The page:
“The punishment of our iniquity is accomplished. Remember that sin must be punished. Any theology which offers the pardon of sin without a punishment, ignores the major part of the character of God.
God is love, but God is also just—as severely just as if He had no love, and yet as intensely loving as if He had no justice. To gain a just view of the character of God you must perceive all His attributes as infinitely developed.
Justice must have its infinity acknowledged as much as mercy. Sin must be punished. This is the voice which thunders from the midst of the smoke and the fire of Sinai:
‘The soul that sinneth it shall die;’ ‘Cursed is every one that continueth not in all things which are written in the book of the law to do them.’
‘Sin must be punished’ is written on the base of the eternal throne in letters of fire. And, as the damned in hell behold it, their hopes are burned to ashes.
Sin must be punished, or God must cease to be. The testimony of the Gospel is not that the punishment has been mitigated or foregone, or that justice has had a sop given it to close its mouth.
The consolation is far more sure and effectual. Say ye unto the daughter of Zion that ‘the punishment of her iniquity is accomplished.’ Christ hath for His people borne all the punishment which they deserved.
And now every soul for whom Christ died may read with exultation—’The punishment of thine iniquity is accomplished.’ God is satisfied, and asks no more.
Sin deserved God’s wrath; that wrath has spent itself on Christ. The black and gathering clouds had all been summoned to the tempest, and manhood stood beneath the dark canopy waiting till the clouds of vengeance should empty out their floods.
‘Stand thou aside!’ said Jesus—’Stand thou aside, My spouse, My Church, and I will suffer in thy stead.’
Down dashed the drops of fire; the burning sleet swept terribly over His head, and beat upon His poor defenceless person, until the clouds had emptied out their awful burden, and not a drop was left.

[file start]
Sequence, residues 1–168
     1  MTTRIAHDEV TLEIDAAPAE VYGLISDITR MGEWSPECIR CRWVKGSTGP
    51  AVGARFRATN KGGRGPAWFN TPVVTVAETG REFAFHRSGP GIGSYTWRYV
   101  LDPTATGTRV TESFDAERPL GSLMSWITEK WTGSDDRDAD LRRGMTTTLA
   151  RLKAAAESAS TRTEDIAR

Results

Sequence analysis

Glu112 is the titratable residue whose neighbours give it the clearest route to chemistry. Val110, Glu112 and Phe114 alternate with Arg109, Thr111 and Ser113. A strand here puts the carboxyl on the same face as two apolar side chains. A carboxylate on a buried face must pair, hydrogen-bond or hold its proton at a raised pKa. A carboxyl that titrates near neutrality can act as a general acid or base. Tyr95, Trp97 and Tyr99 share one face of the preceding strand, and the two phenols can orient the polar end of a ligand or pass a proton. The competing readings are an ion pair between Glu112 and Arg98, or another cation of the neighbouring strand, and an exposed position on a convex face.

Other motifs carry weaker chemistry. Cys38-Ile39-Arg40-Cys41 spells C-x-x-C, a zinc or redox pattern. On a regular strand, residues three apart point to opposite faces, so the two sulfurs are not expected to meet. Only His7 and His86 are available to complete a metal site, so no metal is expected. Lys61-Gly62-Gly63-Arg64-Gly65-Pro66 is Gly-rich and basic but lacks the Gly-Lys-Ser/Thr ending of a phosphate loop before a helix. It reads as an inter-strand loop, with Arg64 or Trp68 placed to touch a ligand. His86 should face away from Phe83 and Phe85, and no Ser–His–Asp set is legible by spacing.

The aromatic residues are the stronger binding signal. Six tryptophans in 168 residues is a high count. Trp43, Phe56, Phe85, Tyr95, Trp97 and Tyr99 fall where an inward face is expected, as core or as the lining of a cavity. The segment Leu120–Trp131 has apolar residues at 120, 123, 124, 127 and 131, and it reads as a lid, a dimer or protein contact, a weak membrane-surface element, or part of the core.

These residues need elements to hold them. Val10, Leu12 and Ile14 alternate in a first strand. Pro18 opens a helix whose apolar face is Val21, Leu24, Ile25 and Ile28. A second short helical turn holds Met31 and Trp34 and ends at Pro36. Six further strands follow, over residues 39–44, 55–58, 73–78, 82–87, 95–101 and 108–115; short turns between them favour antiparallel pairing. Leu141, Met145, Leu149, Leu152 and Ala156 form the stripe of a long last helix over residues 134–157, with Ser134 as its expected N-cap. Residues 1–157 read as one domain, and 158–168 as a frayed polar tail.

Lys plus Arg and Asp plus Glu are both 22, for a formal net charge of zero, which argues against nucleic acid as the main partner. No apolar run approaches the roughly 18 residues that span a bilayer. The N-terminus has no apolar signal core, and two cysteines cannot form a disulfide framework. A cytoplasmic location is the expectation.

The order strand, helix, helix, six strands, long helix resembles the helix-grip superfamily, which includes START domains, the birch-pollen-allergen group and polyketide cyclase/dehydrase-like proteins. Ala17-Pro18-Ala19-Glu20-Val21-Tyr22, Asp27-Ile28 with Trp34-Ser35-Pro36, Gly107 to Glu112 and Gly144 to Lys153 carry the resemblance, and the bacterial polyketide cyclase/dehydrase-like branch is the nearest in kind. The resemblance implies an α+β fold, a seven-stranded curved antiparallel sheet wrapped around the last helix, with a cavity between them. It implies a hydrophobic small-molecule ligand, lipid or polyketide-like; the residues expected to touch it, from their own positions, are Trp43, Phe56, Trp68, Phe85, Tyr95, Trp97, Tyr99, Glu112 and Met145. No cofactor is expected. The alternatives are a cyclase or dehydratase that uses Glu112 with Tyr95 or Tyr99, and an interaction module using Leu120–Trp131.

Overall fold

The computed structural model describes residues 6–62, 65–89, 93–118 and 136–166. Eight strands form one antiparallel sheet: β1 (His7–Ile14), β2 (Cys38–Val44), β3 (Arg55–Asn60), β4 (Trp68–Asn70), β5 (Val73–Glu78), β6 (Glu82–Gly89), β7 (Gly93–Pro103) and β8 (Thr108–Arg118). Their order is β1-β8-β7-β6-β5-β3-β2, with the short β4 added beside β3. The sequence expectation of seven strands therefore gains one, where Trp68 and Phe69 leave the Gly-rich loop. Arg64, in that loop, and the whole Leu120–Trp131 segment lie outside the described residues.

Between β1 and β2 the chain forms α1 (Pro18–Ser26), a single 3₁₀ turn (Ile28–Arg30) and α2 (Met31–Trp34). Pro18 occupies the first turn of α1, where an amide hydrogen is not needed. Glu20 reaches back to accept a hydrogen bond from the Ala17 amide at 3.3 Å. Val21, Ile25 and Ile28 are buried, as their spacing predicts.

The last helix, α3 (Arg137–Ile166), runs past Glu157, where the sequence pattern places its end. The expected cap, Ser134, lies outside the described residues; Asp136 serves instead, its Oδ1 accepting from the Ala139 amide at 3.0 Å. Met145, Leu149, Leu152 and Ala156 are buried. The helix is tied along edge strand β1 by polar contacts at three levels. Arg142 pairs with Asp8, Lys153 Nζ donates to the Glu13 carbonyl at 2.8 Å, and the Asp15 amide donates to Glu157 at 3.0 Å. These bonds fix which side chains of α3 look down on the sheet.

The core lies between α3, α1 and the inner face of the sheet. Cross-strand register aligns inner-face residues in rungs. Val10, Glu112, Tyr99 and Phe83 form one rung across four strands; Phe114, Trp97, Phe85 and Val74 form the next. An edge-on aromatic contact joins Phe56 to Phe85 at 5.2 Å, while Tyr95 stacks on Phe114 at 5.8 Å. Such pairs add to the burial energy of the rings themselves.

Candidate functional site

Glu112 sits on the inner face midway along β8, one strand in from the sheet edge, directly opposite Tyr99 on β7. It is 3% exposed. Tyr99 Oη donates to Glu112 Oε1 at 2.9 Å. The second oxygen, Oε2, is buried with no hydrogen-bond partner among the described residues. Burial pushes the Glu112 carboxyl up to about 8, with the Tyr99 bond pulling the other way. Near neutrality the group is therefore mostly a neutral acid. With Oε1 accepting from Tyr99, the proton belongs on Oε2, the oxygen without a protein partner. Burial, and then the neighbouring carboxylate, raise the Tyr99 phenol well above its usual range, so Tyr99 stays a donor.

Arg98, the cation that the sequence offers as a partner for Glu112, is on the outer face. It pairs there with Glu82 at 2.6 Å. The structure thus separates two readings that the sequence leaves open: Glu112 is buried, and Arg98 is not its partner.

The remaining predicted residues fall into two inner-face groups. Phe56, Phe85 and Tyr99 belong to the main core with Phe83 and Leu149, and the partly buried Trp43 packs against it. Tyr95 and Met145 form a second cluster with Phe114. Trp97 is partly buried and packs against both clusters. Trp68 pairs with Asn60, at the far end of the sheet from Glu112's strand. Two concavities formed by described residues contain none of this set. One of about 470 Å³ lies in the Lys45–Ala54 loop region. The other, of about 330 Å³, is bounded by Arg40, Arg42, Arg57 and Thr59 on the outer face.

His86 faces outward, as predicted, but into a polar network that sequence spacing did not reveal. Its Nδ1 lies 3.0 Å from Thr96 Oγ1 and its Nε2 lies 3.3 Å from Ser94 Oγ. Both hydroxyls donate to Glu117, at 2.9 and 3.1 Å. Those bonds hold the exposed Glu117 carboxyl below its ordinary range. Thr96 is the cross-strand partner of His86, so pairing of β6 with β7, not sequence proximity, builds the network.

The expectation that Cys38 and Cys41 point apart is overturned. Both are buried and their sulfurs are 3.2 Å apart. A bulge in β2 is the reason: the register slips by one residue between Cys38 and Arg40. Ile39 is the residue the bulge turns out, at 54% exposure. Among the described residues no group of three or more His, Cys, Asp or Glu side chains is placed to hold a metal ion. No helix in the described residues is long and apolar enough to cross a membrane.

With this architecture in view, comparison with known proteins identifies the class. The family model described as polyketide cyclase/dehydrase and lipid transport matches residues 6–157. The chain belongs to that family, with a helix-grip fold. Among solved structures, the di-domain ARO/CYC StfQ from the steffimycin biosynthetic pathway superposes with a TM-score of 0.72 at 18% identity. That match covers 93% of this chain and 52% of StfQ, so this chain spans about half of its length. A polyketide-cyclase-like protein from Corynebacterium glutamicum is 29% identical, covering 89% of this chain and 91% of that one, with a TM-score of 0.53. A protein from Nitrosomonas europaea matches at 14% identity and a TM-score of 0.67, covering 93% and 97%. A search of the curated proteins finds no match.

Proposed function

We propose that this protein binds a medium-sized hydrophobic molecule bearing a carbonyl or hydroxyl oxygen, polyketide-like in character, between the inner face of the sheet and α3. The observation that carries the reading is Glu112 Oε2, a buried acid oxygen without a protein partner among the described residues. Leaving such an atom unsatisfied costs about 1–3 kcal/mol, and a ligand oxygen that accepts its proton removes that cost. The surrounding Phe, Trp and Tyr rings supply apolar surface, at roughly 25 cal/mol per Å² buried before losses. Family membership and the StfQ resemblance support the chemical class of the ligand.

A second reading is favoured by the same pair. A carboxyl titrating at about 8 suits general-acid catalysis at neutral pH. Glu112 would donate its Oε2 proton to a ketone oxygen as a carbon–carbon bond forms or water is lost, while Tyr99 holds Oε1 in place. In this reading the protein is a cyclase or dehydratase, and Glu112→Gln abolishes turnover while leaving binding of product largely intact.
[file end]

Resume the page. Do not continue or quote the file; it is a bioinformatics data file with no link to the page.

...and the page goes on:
Beloved, it was not that the cloud swept by the wind into another region where it tarries until it be again called forth, but it was annihilated, it spent itself entirely upon Christ. There is no more punishment for the believer, since Christ hath died for him.
In His dying, our Lord has satisfied the divine vengeance even to the full. Then this, too, must satisfy our conscience.
The enlightened conscience of a man is almost as inexorable as the justice of God, for an awakened conscience, if you give it a false hope, will not rest upon it, but crieth out for something more.
Like the horse-leech it saith—’Give, give, give.’ Until you can offer to God a full satisfaction, you cannot give the conscience a quietus.
But now, O daughter of Zion, let thy conscience be at rest. Justice is satisfied; the law is not despised: it is honoured; it is established.
God can now be just, severely so, and yet, seeing that thy punishment is accomplished, thou mayest come with boldness unto Him, for no guilt doth lie on thee.
Thou art accepted in the Beloved; thy guilt was laid on Him of old, and thou art now safe.
‘In thy Surety thou art free,
His dear hands were pierced for thee;
With His spotless vesture on,